Patrons are offered a breakfast that is included in the rate of the stay. A few dishes that one can expect to receive are fruit, yogurt, cereal, bacon, and cooked entrées such as French toast. This meal is made-to-order and customarily served between 8:00 and 9:30 a.m. every morning. Concerning visitors with dietary restrictions, Judy affirms that she can accommodate these individuals, as she makes an effort to keep ingredients that conform to vegan, gluten-free, and other similar diets on hand for the cook to utilize if needed. Judy adds that she would prefer guests to inform her about such dietary restrictions in advance, though she tries to be prepared with the ingredients should the occasion to use them arise.

In the words of Judy, Barachois Inn bears historical significance on account of it being "designated as a heritage site." A picket fence borders the main garden area near the MacDonald House, and a traditional-style water fountain adorns the front of the grounds with a variety of flowers and greenery surrounding it. Walking paths wind throughout the property, providing the opportunity to tour Barachois Inn's exterior. Judy also notes that electric vehicle chargers are available on-site for those who need one, which she believes helps reduce fossil fuels. In an effort to be more environmentally friendly, the owner has added solar panels to the buildings, and some guests who have previously stayed at the inn have given her positive feedback on this aspect.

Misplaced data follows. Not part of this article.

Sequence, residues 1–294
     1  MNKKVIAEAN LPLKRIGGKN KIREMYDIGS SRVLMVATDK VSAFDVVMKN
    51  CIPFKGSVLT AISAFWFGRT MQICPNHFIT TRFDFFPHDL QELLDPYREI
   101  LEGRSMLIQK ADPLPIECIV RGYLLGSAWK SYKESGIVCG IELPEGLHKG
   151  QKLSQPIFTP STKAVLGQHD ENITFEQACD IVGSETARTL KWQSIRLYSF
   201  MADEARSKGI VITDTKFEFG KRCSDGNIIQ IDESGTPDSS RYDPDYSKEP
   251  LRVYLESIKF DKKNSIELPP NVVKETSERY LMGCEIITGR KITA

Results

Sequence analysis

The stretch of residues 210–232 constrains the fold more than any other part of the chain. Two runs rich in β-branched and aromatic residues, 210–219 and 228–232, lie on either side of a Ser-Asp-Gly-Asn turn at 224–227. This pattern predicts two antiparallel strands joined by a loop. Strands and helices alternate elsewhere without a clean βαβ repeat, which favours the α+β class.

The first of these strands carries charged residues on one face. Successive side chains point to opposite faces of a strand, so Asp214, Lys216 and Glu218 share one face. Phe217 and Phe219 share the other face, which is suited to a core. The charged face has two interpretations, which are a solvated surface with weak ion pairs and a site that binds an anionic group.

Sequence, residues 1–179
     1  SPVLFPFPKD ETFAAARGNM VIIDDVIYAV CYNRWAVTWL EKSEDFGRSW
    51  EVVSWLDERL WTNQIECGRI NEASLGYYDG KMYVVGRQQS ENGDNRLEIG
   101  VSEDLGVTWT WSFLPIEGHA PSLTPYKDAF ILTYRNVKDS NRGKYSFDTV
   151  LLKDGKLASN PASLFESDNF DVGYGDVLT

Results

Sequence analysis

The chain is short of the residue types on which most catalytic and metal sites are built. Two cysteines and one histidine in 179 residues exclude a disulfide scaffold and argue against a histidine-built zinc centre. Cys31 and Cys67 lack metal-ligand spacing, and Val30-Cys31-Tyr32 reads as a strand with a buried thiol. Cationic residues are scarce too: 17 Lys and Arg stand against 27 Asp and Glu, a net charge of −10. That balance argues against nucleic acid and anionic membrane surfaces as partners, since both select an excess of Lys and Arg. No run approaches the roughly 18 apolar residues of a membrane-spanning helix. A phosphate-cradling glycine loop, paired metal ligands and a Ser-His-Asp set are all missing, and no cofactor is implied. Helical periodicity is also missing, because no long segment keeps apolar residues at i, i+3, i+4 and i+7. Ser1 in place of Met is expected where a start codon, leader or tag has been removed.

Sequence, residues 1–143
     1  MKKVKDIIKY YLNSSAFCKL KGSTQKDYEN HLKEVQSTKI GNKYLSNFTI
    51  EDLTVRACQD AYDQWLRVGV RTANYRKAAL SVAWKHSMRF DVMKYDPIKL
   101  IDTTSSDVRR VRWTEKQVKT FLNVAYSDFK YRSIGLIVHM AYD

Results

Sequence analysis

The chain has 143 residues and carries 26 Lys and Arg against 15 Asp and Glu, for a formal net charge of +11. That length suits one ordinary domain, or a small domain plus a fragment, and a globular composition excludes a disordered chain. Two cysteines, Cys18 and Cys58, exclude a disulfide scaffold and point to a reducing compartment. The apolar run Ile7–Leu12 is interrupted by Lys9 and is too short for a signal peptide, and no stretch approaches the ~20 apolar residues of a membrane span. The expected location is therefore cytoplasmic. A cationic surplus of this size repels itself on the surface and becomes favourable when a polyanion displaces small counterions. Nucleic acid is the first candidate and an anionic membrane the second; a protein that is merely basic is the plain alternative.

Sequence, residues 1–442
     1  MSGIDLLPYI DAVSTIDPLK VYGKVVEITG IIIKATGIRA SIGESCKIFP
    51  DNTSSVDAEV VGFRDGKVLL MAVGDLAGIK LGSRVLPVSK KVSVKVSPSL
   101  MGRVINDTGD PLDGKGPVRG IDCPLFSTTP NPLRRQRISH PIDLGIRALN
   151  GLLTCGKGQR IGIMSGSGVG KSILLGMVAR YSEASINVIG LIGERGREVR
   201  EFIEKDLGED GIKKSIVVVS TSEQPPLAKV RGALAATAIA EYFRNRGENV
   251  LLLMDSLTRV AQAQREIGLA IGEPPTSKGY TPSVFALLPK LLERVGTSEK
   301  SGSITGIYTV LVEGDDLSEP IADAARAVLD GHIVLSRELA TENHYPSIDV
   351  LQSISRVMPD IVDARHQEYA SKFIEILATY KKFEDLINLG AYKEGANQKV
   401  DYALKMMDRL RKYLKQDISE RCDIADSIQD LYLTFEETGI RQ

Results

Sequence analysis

Many of the attractions in the vicinity pertain to outdoor exploration, as Prince Edward Island has several natural sites that may pique the interest of visitors. One particularly unique natural area is the red clay lanes in the countryside. A variety of vegetation comprises the land as well, including the following different types of hardwoods: red maple, sugar maple, red oak, and beech. For those who find enjoyment in wildlife viewing, many animals roam the area, namely squirrels, foxes, snowshoe hares, and several bird species. Barachois Inn's website informs that nature trails are scattered throughout Prince Edward Island for outdoor enthusiasts to take advantage of. Aside from the geographic environment, Judy remarks that Prince Edward Island is "known as the food island," meaning there is a wide range of cuisine and dining options. Blue Mussel Cafe, The Mill in New Glasgow, New Glasgow Lobster Suppers, Prince Edward Island Preserve Company, The Dunes Studio Gallery & Cafe, and Pedro's Island Eatery are a few specific restaurants that Judy recommends her guests visit. The owner further explains that she can also invite a private chef to come and make dinner for anyone who might be interested.